Why does a wrist have 3 degrees of freedom?

In summary: Thanks for the summary.In summary, the other two movements make use of the wrist and can't be done without it so I see why they are considered to be degrees of freedom of the wrist. Radial/ulnar is a rotation about the z-axis Flexion/extension is a rotation about the x-axis Pronation/suppination is a rotation about the y-axis.
  • #1
Alex8932
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Homework Statement
Why does a wrist have 3 degrees of freedom?
Relevant Equations
The image at this link (https://i.stack.imgur.com/pcSjn.png) illustrates them but pronation can be done even without the wrist present so I don't understand why it is considered to be a degree of freedom of the wrist. During pronation the whole wrist itself is moving.
The other two movements make use of the wrist and can't be done without it so I see why they are considered to be degrees of freedom of the wrist.
 
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  • #2
It has three degrees of freedom because it can be rotated about three mutually perpendicular axes.

If you label axes such that
z is perpendicular to the palm on the front of the right hand
x is along the outstretched thumb
y is along the four fingers

Then
Radial/ulnar is a rotation about the z-axis
Flexion/extension is a rotation about the x-axis
Pronation/suppination is a rotation about the y-axis

This idea of three mutually perpendicular axes is used in one version of the right hand rule which is implemented without rotation about any of the axes.
RHR.jpeg
 
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  • #3
At first I was skeptical, but after some thought I see your point.

Pronation is accomplished by the rotation of the radius and ulna about a common lengthwise axis. I'm not sure if the wrist joint itself makes any active movement; it seems to just go along for the ride.

pcSjn.png
"During pronation, the distal end of the radius rotates around the ulna from its position on the lateral side of the wrist to the medial side of the wrist. This action turns the hand, wrist, and forearm almost 180 degrees..."
https://www.innerbody.com/image/musc03.html#:~:text=During%20pronation%2C%20the%20distal%20end,the%20position%20of%20the%20arm.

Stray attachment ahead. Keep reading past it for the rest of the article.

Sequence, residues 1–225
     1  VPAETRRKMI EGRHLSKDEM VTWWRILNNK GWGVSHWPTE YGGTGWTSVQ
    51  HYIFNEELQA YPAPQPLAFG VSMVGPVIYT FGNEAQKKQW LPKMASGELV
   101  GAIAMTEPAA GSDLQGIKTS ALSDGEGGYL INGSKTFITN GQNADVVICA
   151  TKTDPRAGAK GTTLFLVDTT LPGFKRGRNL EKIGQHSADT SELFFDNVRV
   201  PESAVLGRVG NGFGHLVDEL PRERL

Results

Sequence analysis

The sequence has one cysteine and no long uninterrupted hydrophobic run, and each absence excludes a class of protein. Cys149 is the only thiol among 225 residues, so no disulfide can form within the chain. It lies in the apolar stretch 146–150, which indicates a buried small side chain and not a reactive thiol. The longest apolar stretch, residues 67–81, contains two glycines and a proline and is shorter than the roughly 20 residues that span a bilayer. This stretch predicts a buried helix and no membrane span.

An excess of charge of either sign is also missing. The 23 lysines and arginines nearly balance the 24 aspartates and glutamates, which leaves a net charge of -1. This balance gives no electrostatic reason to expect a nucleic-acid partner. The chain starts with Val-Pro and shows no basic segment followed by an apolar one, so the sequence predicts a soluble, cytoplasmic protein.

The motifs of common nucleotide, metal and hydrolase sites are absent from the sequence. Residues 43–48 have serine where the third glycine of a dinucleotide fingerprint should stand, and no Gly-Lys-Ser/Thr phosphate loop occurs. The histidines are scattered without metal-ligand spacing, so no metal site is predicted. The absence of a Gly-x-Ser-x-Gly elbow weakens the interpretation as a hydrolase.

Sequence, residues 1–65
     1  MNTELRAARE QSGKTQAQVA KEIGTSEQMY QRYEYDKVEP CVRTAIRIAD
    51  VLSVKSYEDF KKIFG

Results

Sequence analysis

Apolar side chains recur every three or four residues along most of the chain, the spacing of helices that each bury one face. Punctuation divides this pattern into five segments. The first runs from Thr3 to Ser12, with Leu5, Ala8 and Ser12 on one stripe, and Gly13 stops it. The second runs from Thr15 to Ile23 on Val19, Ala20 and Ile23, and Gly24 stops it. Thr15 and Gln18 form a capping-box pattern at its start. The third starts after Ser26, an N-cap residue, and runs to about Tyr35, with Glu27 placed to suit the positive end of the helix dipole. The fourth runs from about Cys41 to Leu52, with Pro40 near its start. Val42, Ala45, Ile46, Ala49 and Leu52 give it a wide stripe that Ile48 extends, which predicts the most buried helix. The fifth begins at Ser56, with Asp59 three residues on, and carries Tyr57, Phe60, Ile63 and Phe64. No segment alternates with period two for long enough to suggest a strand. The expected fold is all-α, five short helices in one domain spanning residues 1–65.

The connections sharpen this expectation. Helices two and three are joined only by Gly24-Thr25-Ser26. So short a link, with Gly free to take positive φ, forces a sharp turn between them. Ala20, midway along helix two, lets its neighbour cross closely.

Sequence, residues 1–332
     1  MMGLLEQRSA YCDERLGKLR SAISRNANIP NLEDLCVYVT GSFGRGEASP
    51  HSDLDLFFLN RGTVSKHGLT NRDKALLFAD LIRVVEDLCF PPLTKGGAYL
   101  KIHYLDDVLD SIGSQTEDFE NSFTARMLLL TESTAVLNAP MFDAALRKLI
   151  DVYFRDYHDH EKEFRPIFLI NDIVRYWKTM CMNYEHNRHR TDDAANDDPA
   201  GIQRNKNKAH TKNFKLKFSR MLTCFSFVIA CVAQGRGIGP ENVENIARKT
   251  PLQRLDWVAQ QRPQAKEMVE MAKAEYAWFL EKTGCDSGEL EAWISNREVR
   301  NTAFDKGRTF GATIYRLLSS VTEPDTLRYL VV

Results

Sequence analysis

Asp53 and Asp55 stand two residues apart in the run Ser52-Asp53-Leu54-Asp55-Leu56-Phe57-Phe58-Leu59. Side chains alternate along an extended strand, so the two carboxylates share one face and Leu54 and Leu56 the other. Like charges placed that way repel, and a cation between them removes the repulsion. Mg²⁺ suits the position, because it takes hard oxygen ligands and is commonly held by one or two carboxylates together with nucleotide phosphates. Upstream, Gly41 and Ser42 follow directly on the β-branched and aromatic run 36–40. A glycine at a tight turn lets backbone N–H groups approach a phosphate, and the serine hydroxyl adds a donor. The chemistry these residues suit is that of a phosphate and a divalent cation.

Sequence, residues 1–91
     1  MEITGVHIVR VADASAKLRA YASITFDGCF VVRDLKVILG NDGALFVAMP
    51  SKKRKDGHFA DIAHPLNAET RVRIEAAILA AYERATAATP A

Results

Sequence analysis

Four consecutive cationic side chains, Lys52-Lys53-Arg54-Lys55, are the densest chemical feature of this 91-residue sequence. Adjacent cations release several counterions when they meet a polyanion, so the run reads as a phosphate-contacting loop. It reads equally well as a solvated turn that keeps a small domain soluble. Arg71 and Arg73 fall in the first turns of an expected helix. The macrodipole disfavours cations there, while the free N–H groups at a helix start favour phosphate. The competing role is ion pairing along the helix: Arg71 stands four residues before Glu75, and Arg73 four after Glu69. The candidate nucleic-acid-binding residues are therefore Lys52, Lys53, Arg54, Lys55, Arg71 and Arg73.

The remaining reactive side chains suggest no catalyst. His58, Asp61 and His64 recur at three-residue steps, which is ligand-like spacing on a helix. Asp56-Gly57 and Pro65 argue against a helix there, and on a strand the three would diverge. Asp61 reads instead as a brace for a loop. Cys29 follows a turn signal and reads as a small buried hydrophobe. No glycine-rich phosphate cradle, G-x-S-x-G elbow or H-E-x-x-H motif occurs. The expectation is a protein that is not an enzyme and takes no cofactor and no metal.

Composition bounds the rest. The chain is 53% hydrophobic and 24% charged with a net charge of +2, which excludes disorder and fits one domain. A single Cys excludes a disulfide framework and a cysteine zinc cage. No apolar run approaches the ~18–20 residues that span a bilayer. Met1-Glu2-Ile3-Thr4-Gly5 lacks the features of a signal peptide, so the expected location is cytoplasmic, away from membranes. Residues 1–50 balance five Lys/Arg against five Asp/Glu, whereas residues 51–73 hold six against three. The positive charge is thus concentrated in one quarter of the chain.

kuruman said:
Then
Radial/ulnar is a rotation about the z-axis
Flexion/extension is a rotation about the x-axis
Pronation/suppination is a rotation about the y-axis

This idea of three mutually perpendicular axes is used in one version of the right hand rule which is implemented without rotation about any of the axes.
View attachment 322289
I don't see how this applies to the OP's question. It doesn't seem to restrict itself to the wrist joint.
 
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  • #4
DaveC426913 said:
I don't see how this applies to the OP's question. It doesn't seem to restrict itself to the wrist joint.
Perhaps the degrees of freedom of the wrist are defined by the ability of the hand to rotate about the three axes. This article says in the abstract that the wrist has 3 dof. However, there seems to be no consensus because this article in section "Joints of the Wrist and Hand" says "The wrist has two degrees of freedom[11], although some say three degrees of freedom because they include the movements of pronation and supination[8], which occur at the the radioulnar joint. The radioulnar joint is often referred to as a joint of the forearm but it is this articulation that gives the wrist more freedom of movement. The true joints of the wrist and hand are listed in the table below[11]."

So I guess the answer to OP's question "Why does a wrist have 3 degrees of freedom?" the answer seems to be, "Because some people have counted 3 whereas others have counted 2." I am no expert on the subject, so I will shut up at this point.
 
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  • #5
Alex8932 said:
Homework Statement:: Why does a wrist have 3 degrees of freedom?
Relevant Equations:: The image at this link (https://i.stack.imgur.com/pcSjn.png) illustrates them but pronation can be done even without the wrist present so I don't understand why it is considered to be a degree of freedom of the wrist. During pronation the whole wrist itself is moving.

The other two movements make use of the wrist and can't be done without it so I see why they are considered to be degrees of freedom of the wrist.
Umm... Why not?
OK, then evolution, that's why. The people with these wrists made more babies that lived to replicate. Different for octopuses and zebras though.
 

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